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The predictable reactions when people hear the name “Vulture” is a mixture of horror, disgust and all things that are dead, ugly and rotten. And though they are one of the world’s prominent scavengers, we should be grateful they do scavenge because these birds are actually very and extremely important to our ecosystem.

So think you know all about Vultures, here’s 10 cool facts about them!

1. There are 23 species of Vultures in the World

2. A group of resting vultures is called a Committee or Venue; When in flight, a flock of vultures is called a Kettle; When the birds are feeding together at a carcass, the group of vultures is called a Wake.

3. As we mentioned earlier, Vultures are actually VERY important in our ecological system. Because they feed almost exclusively on dead animals (which may be rotten, toxic and diseased), they help to prevent the spread of diseases and toxins from such animals to other living things, plants, animals and humans. They also play a huge role as waste biological wastes controllers.

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4. Their senses of food and smell are excellent

5. Vultures have weak feet and legs

6. Due to their weak feet and legs, they do not carry prey back to their chicks. Instead, they will gorge at a carcass, get back to their chicks and regurgitate the food eaten from their crop to feed their young chicks.

7. When Vultures need to cool off on hot days, they can do so by urinate on their legs and feet. This process is called Urohydrosis. Also, their urine is toxic and kills bacteria or parasites that they might have picked up from walking through carcasses or perching on dead animals.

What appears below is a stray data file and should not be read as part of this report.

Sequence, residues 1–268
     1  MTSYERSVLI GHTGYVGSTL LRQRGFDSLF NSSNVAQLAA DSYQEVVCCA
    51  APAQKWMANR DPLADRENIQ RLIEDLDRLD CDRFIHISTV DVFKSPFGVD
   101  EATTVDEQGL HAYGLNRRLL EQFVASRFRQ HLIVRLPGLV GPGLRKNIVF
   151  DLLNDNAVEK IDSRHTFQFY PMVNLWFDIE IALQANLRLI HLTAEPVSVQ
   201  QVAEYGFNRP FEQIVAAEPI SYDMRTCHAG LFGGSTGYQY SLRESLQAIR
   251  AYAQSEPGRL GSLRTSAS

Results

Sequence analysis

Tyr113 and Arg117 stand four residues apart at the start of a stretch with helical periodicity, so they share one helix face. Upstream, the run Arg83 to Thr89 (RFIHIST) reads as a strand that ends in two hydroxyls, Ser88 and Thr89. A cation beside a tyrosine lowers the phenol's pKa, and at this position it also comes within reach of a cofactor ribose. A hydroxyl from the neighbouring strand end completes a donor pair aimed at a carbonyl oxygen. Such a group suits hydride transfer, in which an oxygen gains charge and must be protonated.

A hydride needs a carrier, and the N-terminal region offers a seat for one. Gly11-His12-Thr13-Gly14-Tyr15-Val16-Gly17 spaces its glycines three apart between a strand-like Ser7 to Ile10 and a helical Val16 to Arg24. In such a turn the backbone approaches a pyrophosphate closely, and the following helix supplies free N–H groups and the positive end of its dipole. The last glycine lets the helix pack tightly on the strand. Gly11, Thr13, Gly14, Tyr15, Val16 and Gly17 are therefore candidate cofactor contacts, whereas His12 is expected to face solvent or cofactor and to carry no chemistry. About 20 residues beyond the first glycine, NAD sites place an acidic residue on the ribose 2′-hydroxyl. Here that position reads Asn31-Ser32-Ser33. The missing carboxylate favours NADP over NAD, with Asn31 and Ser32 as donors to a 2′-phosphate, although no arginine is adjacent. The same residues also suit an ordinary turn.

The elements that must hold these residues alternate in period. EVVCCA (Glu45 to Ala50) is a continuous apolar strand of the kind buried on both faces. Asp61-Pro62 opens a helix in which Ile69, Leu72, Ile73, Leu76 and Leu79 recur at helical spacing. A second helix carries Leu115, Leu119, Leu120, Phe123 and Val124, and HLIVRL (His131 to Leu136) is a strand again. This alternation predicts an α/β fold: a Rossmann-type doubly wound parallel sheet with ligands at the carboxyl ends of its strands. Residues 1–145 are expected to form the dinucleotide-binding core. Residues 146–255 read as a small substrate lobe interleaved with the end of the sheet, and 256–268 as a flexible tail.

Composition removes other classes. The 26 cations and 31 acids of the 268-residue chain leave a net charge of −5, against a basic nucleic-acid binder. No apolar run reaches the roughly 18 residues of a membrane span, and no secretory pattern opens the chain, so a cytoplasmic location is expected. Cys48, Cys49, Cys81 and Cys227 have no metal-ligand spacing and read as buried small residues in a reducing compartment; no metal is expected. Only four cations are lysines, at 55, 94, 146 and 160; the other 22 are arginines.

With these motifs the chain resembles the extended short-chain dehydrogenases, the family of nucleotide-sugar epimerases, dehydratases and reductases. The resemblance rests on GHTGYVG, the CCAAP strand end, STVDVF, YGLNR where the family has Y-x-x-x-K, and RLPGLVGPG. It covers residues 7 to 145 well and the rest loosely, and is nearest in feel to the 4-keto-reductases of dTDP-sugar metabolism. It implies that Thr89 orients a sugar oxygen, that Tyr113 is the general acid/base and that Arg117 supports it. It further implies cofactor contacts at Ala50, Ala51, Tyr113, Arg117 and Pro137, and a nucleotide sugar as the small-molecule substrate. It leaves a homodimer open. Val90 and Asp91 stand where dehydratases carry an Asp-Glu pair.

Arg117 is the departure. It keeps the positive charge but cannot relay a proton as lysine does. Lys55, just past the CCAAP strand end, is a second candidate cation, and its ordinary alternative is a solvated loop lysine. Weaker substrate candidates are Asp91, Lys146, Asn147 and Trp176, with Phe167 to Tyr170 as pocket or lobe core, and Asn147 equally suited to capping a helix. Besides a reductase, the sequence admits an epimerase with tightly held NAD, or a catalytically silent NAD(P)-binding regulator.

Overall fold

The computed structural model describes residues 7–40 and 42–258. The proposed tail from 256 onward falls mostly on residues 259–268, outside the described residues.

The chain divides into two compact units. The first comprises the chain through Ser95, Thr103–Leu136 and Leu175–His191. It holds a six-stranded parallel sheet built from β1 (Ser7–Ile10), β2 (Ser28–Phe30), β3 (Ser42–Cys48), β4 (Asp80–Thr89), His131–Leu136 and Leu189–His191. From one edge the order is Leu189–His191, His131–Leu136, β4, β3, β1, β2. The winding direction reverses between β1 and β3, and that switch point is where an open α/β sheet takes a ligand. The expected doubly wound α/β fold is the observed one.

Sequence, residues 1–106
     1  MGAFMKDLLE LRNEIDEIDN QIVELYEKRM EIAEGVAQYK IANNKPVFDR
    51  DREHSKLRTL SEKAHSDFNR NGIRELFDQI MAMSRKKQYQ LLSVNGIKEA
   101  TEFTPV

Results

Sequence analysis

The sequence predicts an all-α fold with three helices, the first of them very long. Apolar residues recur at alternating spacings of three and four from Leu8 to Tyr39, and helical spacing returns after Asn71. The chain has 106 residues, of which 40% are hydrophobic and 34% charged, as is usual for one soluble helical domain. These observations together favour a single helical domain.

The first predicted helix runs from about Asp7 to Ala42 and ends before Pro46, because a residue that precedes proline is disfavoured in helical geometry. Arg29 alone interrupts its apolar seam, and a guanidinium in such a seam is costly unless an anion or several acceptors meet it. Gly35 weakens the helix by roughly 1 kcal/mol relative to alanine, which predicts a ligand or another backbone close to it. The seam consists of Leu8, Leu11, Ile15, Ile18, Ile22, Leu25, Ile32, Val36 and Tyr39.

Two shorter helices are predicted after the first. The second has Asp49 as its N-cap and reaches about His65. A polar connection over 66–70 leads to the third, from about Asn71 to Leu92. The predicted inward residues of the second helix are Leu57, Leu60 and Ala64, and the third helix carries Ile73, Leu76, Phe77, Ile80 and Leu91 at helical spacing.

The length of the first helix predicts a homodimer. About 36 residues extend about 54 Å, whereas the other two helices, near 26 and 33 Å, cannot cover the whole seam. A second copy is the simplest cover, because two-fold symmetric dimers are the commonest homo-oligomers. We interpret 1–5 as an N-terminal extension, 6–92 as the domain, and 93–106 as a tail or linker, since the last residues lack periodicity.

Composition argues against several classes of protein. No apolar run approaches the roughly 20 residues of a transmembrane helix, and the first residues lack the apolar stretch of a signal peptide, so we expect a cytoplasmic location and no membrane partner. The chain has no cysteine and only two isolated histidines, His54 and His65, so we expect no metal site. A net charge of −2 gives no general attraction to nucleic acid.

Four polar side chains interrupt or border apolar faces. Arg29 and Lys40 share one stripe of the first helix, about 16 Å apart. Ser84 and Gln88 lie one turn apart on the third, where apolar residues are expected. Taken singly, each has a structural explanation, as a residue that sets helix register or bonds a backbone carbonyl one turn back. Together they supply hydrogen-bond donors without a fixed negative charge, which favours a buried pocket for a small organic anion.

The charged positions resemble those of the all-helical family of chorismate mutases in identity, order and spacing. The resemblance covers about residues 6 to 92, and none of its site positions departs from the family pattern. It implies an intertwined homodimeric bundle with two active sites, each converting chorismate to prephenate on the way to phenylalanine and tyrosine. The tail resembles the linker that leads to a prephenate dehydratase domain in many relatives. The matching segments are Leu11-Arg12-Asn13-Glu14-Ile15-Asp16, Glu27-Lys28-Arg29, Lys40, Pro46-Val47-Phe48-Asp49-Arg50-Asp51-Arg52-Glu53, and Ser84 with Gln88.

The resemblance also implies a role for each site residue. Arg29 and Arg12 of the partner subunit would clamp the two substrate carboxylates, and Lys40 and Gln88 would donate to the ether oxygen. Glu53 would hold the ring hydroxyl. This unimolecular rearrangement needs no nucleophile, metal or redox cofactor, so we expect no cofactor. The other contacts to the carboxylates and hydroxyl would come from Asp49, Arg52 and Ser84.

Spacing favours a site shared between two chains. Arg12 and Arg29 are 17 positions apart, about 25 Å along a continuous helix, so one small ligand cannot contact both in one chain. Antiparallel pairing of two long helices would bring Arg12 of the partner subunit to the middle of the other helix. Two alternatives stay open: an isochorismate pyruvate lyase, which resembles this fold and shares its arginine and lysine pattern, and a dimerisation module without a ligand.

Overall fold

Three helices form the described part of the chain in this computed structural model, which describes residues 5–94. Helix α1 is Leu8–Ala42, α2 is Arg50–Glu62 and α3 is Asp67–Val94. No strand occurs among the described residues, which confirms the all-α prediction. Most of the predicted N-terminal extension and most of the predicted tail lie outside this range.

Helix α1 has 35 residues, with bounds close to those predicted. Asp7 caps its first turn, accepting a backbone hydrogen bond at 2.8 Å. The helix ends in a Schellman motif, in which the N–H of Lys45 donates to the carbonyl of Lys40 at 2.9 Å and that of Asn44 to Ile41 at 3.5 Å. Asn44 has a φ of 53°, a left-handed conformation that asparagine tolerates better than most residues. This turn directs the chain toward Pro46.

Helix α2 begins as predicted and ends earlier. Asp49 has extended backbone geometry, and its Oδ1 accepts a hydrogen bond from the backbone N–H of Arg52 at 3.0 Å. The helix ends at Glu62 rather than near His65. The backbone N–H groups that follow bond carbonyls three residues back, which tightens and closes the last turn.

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8. When threatened, vultures would vomit to lighten their body weight so they can escape more easily into flight. Vomiting also serves as a defense mechanism to deter predators that may be threatening the birds.

9. Also, when they feel threatened, Vultures may give off warning signs by Hissing.

10. Lastly, a vulture’s stomach acid is significantly stronger and more corrosive than that of other animals or birds. Therefore, these scavengers can comfortably feed on rotting carcasses that may be infected with dangerous bacteria. The acid in their stomach is so strong, it will kill the dangerous bacteria in most diseased or toxic food they eat and the food won’t affect them like it would affect other birds, animals or humans.

……. You are welcome!

 

Sources; Bird Trivia and National Geographic

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